Tuesday, January 21, 2014

Our Trip to Minas, Uruguay: Part One

article from July 7, 2012
By Jamie Douglas

We have crisscrossed this small nation in search of affordable housing, and unfortunately had to discount our first choice, Colonia del Sacramento, clearly our favorite. Unfortunately, it has become way too costly to rent a place there, so we looked at several other options while burning up our financial resources (see the PayPal donation button to help!) and ended up back in La Paloma on the Atlantic coast, about two and a half hours from the Brazilian border and about four hours from Montevideo, all by bus, of course.

While we were in Argentina, La Paloma suffered through some of the worst tourist-seasons in its history. Many of the vacation houses that normally rent out for megabucks stayed empty as the rich Argentineans just did not come. We saw the first signs of that develop when we left Uruguay in February of 2010. Many of the owners of the seasonal rentals were sitting on their front porches of their homes waiting for the visitors, who never showed. The restaurant owners were also complaining that nobody came to eat; the tourists who did come cooked their meals in their rentals.

So we are back to the ghost town La Paloma is during the off-season, having contacted our friendly landlady from Montevideo. Once we arrived in Rocha to visit with her, we were shocked to learn that our little cave by the beach had quintupled in price. But we had no other choice than to cough up the sum, hoping we would find something more affordable away from the tourist zone that would be good for the whole year, instead of turning us into economic fugitives when the season starts again in December. So we made a plan to go to Minas, a very charming and very clean town in the sierras that serves as the capital of the department of Lavalleja.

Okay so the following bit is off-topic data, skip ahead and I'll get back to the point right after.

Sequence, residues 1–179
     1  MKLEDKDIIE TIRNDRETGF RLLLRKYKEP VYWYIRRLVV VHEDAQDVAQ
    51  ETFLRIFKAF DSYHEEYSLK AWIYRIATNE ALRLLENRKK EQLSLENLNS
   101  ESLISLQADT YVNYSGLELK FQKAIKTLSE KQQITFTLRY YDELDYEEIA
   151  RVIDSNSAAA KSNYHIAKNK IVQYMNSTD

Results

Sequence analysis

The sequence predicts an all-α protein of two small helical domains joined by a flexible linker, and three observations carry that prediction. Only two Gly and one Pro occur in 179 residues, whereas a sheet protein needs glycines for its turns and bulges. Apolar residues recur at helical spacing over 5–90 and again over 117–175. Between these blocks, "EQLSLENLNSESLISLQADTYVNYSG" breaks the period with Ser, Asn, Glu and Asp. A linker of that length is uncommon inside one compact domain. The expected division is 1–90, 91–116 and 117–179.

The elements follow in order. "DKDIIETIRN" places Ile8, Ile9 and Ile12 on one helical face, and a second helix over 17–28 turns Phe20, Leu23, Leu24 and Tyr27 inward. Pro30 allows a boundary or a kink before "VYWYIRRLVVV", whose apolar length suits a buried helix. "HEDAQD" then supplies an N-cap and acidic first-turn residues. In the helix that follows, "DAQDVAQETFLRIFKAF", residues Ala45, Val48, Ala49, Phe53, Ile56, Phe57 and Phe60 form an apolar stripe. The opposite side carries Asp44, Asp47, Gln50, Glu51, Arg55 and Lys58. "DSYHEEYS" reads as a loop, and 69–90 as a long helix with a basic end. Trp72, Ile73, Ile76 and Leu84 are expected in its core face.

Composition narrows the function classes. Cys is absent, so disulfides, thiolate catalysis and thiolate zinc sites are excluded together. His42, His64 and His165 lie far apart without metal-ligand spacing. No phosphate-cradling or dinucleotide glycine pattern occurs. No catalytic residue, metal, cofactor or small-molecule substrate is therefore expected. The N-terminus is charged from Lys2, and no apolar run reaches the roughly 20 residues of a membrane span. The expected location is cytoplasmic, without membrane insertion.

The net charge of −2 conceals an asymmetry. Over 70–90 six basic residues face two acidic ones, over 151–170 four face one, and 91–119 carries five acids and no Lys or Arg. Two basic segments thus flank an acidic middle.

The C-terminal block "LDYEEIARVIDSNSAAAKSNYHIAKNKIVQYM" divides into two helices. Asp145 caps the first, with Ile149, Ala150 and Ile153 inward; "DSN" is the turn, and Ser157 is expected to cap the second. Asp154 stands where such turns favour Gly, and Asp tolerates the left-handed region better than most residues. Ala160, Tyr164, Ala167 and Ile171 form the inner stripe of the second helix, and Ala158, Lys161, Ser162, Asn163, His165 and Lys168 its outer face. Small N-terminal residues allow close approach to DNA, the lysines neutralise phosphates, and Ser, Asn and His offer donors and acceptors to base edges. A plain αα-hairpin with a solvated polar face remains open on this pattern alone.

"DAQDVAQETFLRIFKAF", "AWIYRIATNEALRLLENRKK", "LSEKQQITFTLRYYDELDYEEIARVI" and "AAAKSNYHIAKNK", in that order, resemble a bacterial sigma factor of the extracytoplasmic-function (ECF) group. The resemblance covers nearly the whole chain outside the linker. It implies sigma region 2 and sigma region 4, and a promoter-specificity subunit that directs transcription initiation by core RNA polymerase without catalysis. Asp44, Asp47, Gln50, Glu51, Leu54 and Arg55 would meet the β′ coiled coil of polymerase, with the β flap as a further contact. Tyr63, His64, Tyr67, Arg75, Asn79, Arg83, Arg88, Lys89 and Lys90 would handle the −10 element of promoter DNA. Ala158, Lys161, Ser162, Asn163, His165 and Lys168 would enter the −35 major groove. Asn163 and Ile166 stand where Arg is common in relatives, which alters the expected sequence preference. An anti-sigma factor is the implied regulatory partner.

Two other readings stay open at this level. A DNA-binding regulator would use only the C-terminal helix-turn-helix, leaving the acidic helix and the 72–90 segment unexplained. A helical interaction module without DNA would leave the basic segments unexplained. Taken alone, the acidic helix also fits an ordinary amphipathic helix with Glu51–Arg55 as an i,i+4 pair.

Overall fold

Our timing was impeccable: We arrived during a two-day rainy period, which also came with very cold winds, but we had a beautiful third day, although it was also very cold. We looked and asked around, but in the end, we had to go see real estate vultures. We found that in order to rent, they require you to own property that you could put up as collateral plus five month’s rent for a deposit as well as first and last month’s rent – in all, seven months up front to get a one year lease, during which the parasitic real estate agents would hold your money, with uncertain guarantees that you would get your money back, or that they would even be around when the time came to get your money back. We have heard a good amount of horror stories of renters getting completely screwed out of their money, and we did not want to try that route, never mind that we would not have had any money left to put toward buying furniture and appliances.

So we had to satisfy ourselves with having a nice trip to one of our favorite towns in the country, staying at the lovely Posada Verdún , located a mere two blocks from the bus station and two blocks from the center of town. It features the fastest Wi-Fi I have ever experienced in a public location outside of Asia. The in-house restaurant is superb, featuring international cuisine, and we felt very welcomed by the friendly and caring staff. I will elaborate more about our visit to Minas in my next article, which will feature more photos as well.

All photos by Jamie Douglas

see also: Uruguay's "Secret": Minas and Our Trip to Minas, Uruguy: Part Two

Jamie Douglas
Waiting for Summer to Return to Uruguay

I encourage you to write me at cruzansailor [at] gmail [dot] com with any questions or suggestions you may have. Disclaimer: I am not in any travel-related business. My advice is based on my own experiences and is free of charge (Donations welcome). It is always my pleasure to act as a beneficial counselor to those who are seekers of the next adventure.

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